Saturday, October 30, 2010


I don't know about most people, but I really really like reading the classics. And by that, I mean like Dickens and such. Sadly, I've never really read much of them, but I've keep meaning to read the works of Wilkie Collins, after a really good book about him (fiction though).

For the past two days, I've been reading two "classic" books, Eight cousins, by Louisa May Alcott and Vanity Fair, by (wait for it).... William Makepeace Thackeray (that's a long name). And these two books couldn't be more different.

Eight cousins, by the author that gave us Little Women (though I hated the sequels cause I though Jo should be with Laurie), is a really sweet novel, which may be too slow for some people. Maybe most people. It's basically about a little orphan girl, who goes to live with her six aunts and seven boy cousins, under the care of her uncle, who's a doctor that plans to make her better (a one year experiment to increase her health). She's so nice that she almost becomes a Mary Sue. I say almost, because she's likeable enough to escape Mary-Sue-dom. She's a little bossy, which is the best part of her; and she's the princess/queen of her cousins. It's fun, (for me) and is those ideal childhood type of stories, like Enid Blyton and the chalet series of books (which was fine at first, but I hated once the original characters had kids, I think that if the kids are protagonist, and you're not writing an epic, you should let them stay kids).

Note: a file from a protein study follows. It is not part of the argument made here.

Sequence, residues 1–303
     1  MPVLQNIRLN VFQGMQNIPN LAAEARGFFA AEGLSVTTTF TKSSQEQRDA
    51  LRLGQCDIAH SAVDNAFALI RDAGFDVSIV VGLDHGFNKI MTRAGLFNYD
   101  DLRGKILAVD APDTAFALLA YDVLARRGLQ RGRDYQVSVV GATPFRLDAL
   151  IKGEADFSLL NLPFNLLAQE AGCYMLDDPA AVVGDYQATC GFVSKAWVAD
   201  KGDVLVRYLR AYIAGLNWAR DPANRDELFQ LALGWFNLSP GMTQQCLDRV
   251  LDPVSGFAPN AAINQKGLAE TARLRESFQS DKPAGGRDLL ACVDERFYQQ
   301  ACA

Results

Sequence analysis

If you're wondering, the amazon link is here: (same cover as mine)

Vanity Fair, on the other hand, couldn't be more differerent than Eight cousins, even though I think it's set in the same periodwriten in the same period of time. This is because historical novels are those set in a different (past) time, while contempory novels, were set in their time (and just happened to survive the hundred or so years). It has the same name as the magazine (which I've never read), but reminded me first of the town in Pilgrim's Progress (the one allegory I can take). And according to Wikipedia, that's where the book title comes from. The book's fun mainly because of the narrator. Although the characters are real and likeable enough, the novelty (for me), is the third person narrator that talks to the reader, which increases the reader's engagement with the book, the prologue alone is a good indication. And the book takes itself lightly, talking about its characters, dismissing some as unimportant, skipping around time periods (because there are two plots, it's neccessary). It's also a very very very long story (my edition being 800 pages), but which is fine because it sustains interest. Another really cute thing are the titles (stuff like The Subject Continued), which (to me), pokes fun at itself, and provides a nice summary (sometimes not) of the chapter.

And once again, the amazon link:

Apparently, because these novels were serialised, they have a U sort of structure, with cliffhangers (eight cousins admits to being serialised, but I have no idea about Vanity Fair); and I wouldn't mind having a magazine that has lots of installments of novels, kinda like the manga magazines (the same thing happens in Japan, serialisation first, and if its popular, book form). Such a fun way to read, although, if the story is too exciting, it's horrible to have to wait to find out what happen, even though it'll probably result in a whole lot of fanfiction. (:

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